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- Beowulf - 30/101 -

l. 1897. The boat had been left, at ll. 294-302, in the keeping of Hrgr's men; at l. 1901 the bt-weard is specially honored by Beowulf with a sword and becomes a "sworded squire."--E. This circumstance appears to weld the poem together. Cf. also the speed of the journey home with ymb n-td res dgores of l. 219, and the similarity of language in both passages (fmig-heals, clifu, nssas, slde, brim, etc.).--The nautical terms in Beowulf would form an interesting study.

l. 1904. R. proposes, gewt him on naca, = _the vessel set out_, on alliterating as at l. 2524 (_Zachers Zeitschr._ iii. 402). B. reads on nacan, but inserts irrelevant matter (_Beit._ xii. 97).

l. 1913. Cf. the same use of cel, = _ship_, in the _A.-S. Chron._, ed. Earle-Plummer; _Gnomic Verses_, etc.

l. 1914. S. inserts t h before on lande.

l. 1916. B. makes lefra manna depend on wltode, = _looked for the dear men ready at the coast_ (_Beit._ xii. 97).

l. 1924. Gr., W., and Ho. propose wunade, = _remained;_ but cf. l. 1929. S. conceives ll. 1924, 1925 as "direct speech" (_Beit._ ix. 141).

l. 1927 _seq._ "The women of Beowulf are of the fine northern type; trusted and loved by their husbands and by the nobles and people; generous, gentle, and holding their place with dignity."--Br., p. 67. Thrytho is the exception, l. 1932 _seq._

l. 1933. C. suggests frcnu, = _dangerous, bold_, for Thrytho could not be called "excellent." G. writes "Modthrytho" as her name. The womanly Hygd seems purposely here contrasted with the terrible Thrytho, just as, at l. 902 _seq._, Sigemund and Heremd are contrasted. For Thrytho, etc., cf. Gr., _Jahrb. fr rom. u. eng. Lit._ iv. 279; Mllenhoff, _Haupts Zeitschr._ xiv. 216; Matthew Paris; Suchier, _Beit._ iv. 500-521; R. _Zachers Zeitschr._ iii. 402; B., _ibid._ iv. 206; Krner, _Eng. Stud._ i. 489-492; H.-So., p. 106.

l. 1932-1963. K. first pointed out the connection between the historical Offa, King of Mercia, and his wife Cwendrida, and the Offa and ryo (Gr.'s _Drida_ of the _Vita Off Secundi_) of the present passage. The tale is told of her, not of Hygd.

l. 1936. Suchier proposes andges, = _eye to eye_; Leo proposes ndges, = _the whole day_; G., _by day_. No change is necessary if an be taken to govqern hire, = _on her_, and dges be explained (like nihtes, etc.) as a genitive of time, = _by day_.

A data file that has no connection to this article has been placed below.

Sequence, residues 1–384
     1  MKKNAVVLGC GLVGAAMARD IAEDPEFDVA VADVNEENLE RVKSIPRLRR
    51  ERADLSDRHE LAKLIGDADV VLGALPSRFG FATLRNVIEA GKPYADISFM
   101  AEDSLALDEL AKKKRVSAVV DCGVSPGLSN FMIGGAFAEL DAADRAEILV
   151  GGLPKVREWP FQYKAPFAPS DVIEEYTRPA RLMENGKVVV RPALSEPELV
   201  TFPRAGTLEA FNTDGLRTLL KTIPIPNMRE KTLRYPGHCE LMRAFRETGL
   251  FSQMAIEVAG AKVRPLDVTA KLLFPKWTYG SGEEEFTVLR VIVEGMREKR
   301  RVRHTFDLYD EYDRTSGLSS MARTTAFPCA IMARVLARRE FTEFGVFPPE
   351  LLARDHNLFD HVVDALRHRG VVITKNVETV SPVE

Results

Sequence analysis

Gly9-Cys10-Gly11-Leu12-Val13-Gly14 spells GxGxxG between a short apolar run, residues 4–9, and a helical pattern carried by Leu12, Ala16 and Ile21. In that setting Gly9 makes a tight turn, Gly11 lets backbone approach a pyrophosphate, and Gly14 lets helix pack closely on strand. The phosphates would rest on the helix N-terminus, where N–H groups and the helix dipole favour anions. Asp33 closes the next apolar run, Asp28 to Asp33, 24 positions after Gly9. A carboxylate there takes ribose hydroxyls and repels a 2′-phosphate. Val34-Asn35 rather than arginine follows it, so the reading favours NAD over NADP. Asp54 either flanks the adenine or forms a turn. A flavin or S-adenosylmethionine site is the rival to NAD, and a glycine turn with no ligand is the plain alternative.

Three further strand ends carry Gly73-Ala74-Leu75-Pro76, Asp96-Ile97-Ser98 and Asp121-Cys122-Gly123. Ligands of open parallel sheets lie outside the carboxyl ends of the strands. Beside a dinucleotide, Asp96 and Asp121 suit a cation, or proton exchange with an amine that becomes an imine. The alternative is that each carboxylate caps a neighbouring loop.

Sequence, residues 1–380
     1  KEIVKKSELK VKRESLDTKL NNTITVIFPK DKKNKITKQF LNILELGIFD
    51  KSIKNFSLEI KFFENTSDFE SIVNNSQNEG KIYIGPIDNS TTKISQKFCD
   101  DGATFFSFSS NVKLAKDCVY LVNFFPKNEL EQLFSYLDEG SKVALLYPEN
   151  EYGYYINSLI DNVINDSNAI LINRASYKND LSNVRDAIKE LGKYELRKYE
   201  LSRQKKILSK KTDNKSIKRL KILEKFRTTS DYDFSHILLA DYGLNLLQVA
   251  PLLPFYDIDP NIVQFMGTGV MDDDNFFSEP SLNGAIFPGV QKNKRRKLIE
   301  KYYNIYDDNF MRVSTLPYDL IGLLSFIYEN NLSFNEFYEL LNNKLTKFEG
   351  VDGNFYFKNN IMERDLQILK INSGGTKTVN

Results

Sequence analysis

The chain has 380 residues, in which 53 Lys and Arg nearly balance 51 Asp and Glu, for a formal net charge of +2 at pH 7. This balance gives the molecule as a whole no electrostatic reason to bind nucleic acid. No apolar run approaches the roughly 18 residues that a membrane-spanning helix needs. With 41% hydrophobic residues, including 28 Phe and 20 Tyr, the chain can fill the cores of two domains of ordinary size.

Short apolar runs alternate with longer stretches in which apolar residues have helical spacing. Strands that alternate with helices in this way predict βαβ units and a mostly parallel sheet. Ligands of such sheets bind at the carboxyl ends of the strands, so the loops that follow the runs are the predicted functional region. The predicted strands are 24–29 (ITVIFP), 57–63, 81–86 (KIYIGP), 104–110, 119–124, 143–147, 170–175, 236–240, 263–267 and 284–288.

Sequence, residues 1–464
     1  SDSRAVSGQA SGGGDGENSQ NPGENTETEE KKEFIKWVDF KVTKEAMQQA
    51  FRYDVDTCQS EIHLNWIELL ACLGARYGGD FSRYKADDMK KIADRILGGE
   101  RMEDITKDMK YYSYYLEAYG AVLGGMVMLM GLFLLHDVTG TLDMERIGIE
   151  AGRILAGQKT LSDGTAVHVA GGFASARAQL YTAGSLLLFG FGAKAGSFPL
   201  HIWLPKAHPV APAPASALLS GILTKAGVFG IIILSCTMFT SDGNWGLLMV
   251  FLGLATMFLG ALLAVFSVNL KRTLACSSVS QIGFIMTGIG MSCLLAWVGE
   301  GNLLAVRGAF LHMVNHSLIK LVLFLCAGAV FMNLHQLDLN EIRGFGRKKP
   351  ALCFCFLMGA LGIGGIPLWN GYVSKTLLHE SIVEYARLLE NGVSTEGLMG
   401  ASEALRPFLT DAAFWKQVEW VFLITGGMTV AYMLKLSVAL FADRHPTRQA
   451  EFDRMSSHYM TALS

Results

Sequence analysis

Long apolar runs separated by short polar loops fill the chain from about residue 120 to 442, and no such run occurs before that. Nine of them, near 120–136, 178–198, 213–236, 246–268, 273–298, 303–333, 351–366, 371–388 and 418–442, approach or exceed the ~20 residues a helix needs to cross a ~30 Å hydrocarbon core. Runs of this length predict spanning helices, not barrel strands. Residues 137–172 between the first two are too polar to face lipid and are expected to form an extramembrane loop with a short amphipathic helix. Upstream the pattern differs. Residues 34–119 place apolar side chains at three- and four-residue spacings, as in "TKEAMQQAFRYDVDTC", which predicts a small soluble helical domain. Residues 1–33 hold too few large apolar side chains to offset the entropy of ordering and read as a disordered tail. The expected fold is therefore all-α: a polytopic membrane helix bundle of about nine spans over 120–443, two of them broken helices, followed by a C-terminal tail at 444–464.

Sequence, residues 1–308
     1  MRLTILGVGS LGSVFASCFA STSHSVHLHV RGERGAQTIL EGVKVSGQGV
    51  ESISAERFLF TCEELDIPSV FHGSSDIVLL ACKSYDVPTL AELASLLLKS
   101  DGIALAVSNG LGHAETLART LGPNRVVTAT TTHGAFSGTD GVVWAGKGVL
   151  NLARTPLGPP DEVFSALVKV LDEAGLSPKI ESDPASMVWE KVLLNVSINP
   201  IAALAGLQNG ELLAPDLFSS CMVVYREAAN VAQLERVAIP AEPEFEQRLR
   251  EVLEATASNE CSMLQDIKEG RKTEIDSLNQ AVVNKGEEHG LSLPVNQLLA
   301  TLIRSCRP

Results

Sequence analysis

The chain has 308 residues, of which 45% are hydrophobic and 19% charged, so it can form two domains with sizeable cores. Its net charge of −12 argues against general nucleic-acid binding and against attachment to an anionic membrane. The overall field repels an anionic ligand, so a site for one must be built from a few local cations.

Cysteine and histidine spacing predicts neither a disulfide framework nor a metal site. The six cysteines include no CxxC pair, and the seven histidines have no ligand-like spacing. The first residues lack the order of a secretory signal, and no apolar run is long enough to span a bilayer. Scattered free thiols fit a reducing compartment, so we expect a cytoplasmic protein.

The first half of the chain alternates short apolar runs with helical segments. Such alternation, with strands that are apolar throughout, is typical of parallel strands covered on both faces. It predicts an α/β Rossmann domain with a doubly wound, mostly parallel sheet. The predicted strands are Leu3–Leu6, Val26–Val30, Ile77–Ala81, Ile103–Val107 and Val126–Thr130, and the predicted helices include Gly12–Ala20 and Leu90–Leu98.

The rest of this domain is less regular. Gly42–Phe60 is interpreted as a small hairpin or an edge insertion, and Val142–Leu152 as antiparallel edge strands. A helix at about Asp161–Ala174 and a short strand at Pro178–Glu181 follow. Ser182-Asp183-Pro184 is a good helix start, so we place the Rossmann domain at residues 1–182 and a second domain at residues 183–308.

l. 1943. R. and Suchier propose onsce, = _seek, require_; but cf. 2955.

l. 1966. Cf. the _heofoncandel_ of _Exod_. l. 115 (Hunt). Shak.'s 'night's candles.'

l. 1969. Cf. l. 2487 _seq._ for the actual slayer of Ongenew, i.e. Eofor, to whom Hygelc gave his only daughter as a reward, l. 2998.

l. 1981. meodu-scencum = _with mead-pourers_ or _mead-cups_ (G., Ha.); _draught or cup of mead_ (Toller-Bosw.).

l. 1982. K., Th., W., H. supply [heal-]reced; Holler [he-].

l. 1984. B. defends the MS., reading h n (for hn), which he regards as = Heinir, the inhabitants of the Jutish "heaths" (h). Cf. H.-So., p. 107; _Beit._ xii. 9.

l. 1985. snne. "In poetry there is a reflexive possessive of the third person, sn (declined like mn). It is used not only as a true reflexive, but also as a non-reflexive (= Lat. _ejus_)"--Sw.; Cook's Sievers' Gram., p. 185. Cf. ll. 1508, 1961, 2284, 2790.

l. 1994. Cf. l. 190 for a similar use of se; cf. to "glow" with emotion, "boil" with indignation, "burn" with anger, etc. weallan is often so used; cf. ll. 2332, 2066, etc.

l. 2010. B. proposes fcne, = _in treachery_, for fenne. Cf. _Juliana_, l. 350; _Beit._ xii. 97.

l. 2022. Food of specific sorts is rarely, if at all, mentioned in the poem. Drink, on the other hand, occurs in its primitive varieties,--_ale_ (as here: ealu-wg), _mead, beer, wine, l_ (cider? Goth. _leius_, Prov. Ger. _leit-_ in _leit-haus_, ale-house), etc.

l. 2025. Kl. proposes is for ws.

l. 2027. Cf. l. 1599 for a similar use of weoran, = _agree, be pleased with_ (Ha.); _appear_ (Sw., Reader, 6th ed.).

ll. 2030, 2031. Ten Br. proposes: oft seldan ( = _gave_) wre fter led-hryre: lytle hwle bongr bge, eh se brd duge = _oft has a treaty been given after the fall of a prince: but little while the murder-spear resteth, however excellent the bride be._ Cf. Kl., _Beit._ ix. 190; B., _Beit._ xii. 369; R., _Zachers Zeitschr._ in. 404; Ha., p. 69; G., p. 62.